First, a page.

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REVIEW: "CyberRegs", Bill Zoellick

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  • Rob, grandpa of Ryan, Trevor, Devon & Ha
    BKCBRRGS.RVW 20051202 CyberRegs , Bill Zoellick, 2002, 0-201-72230-5, U$39.99/C$59.95 %A Bill Zoellick %C P.O. Box 520, 26 Prince Andrew Place, Don
    Message 1 of 1 , Mar 6, 2006
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      BKCBRRGS.RVW 20051202

      "CyberRegs", Bill Zoellick, 2002, 0-201-72230-5, U$39.99/C$59.95
      %A Bill Zoellick
      %C P.O. Box 520, 26 Prince Andrew Place, Don Mills, Ontario M3C 2T8
      %D 2002
      %G 0-201-72230-5
      %I Addison-Wesley Publishing Co.
      %O U$39.99/C$59.95 416-447-5101 fax: 416-443-0948 bkexpress@...
      %O http://www.amazon.com/exec/obidos/ASIN/0201722305/robsladesinterne
      http://www.amazon.co.uk/exec/obidos/ASIN/0201722305/robsladesinte-21
      %O http://www.amazon.ca/exec/obidos/ASIN/0201722305/robsladesin03-20
      %O Audience i Tech 1 Writing 2 (see revfaq.htm for explanation)
      %P 307
      %T "CyberRegs: A Business Guide to Web Property Privacy and Patents"

      The introduction states that the nature of the Web is in flux. Those
      who take too strong and doctrinaire a stance on the character of the
      Internet will be subject to failures in their attempts to do business
      there. In addition, the author states his opinion, based on the
      research conducted for the book, that attempts to apply regulation to
      the net should be sparing.

      Part one deals with copyright. Chapter one reviews the past history
      of copyright legislation and purposes, and also the recent case of
      Napster. (The book was completed before the Napster case concluded.)
      "DVD Jon" and the DeCSS case is the topic of chapter two. The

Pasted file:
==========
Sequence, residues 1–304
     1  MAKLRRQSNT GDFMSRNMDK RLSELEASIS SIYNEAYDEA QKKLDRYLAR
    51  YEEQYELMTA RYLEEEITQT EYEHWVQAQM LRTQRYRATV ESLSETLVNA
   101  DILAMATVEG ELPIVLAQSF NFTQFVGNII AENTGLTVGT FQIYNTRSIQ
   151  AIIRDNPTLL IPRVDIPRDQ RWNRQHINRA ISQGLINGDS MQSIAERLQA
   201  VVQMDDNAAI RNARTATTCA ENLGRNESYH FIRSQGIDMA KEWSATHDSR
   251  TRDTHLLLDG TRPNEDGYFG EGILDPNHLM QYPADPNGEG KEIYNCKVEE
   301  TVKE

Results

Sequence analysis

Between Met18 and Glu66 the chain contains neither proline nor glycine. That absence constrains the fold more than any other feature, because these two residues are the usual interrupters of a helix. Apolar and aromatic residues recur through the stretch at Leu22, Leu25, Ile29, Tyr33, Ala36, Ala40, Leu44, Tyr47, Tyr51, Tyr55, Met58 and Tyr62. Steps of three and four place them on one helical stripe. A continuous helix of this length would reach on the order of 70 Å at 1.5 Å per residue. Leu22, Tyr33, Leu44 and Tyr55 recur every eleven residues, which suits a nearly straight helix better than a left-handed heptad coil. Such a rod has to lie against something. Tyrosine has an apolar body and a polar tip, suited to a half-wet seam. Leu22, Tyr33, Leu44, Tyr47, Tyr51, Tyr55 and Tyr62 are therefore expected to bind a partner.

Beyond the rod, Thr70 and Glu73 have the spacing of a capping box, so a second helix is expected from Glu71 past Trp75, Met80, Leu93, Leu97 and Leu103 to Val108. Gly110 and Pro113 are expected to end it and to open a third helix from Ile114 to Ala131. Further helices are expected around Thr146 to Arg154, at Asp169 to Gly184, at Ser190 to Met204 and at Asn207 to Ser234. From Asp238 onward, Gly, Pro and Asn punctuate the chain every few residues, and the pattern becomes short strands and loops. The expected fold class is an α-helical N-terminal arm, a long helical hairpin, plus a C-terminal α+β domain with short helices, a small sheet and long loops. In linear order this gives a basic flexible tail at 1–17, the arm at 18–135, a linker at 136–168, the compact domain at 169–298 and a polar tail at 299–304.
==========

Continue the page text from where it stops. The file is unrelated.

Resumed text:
author's experiences with the publishing and sale of special reports
      forms the basis for an examination of licensing, in chapter three, and
      also the balance of rights between publisher and user/consumer. The
      development and shift in copyright regulations and perspectives is
      given in chapter four. Chapter five lists further reading on the
      topic: an annotated bibliography of text and online sources. The
      works are well chosen and the annotations provide good overviews of
      the material.

      Part two addresses patents. Chapter six outlines the Amazon "1-Click"
      patent, and the issue of an idea versus a specific implementation. A
      variety of other patents and lawsuits are examined in chapter seven.
      Chapter eight deals with the issue of patentability of an entity or
      item. The issue of patenting business methods is dealt with in
      chapter nine. Chapter ten examines the impact of patents on the
      Internet. Walker Digital and the business of creating and holding
      business patents is in chapter eleven. Recent US legislation amending
      patent concepts and applicability is covered in chapter twelve.